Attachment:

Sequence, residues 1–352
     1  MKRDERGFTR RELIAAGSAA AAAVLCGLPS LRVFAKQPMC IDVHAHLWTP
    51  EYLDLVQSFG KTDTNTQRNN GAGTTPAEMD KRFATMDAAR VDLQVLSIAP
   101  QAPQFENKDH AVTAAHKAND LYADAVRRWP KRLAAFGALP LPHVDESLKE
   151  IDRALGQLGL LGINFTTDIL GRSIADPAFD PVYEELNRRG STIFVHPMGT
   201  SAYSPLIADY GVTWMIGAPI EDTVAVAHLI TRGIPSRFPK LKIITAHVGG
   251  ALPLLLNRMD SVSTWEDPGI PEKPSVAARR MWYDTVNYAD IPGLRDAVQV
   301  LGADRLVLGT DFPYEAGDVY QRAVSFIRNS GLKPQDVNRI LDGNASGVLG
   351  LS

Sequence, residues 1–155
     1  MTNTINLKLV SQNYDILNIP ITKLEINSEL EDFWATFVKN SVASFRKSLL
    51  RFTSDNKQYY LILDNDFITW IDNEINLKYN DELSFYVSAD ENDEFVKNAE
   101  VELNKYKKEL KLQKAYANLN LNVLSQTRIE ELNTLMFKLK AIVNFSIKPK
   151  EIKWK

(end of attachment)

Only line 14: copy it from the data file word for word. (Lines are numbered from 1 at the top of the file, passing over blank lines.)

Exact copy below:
   151  EIKWK